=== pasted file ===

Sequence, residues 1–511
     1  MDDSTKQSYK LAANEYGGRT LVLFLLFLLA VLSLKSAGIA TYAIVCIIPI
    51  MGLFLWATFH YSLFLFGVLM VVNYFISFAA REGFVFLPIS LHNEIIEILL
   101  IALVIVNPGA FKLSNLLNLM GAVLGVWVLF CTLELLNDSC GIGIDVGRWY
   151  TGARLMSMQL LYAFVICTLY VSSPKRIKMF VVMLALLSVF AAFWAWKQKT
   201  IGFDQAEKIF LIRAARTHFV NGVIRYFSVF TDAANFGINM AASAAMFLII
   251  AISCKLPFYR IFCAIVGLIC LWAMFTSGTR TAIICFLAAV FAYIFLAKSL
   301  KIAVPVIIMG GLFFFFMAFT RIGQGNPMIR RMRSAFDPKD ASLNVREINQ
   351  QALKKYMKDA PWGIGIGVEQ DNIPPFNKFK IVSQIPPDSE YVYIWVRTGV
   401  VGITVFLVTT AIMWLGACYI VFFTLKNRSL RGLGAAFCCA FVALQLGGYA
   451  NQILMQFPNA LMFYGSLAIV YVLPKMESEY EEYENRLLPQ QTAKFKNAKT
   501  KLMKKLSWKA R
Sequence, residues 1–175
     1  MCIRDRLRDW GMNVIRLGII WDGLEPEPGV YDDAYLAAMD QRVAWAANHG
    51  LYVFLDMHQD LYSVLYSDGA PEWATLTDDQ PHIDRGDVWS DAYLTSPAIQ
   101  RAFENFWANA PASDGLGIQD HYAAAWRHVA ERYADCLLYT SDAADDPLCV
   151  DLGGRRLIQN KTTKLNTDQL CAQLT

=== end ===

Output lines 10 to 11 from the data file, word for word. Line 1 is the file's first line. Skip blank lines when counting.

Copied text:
   401  VGITVFLVTT AIMWLGACYI VFFTLKNRSL RGLGAAFCCA FVALQLGGYA
   451  NQILMQFPNA LMFYGSLAIV YVLPKMESEY EEYENRLLPQ QTAKFKNAKT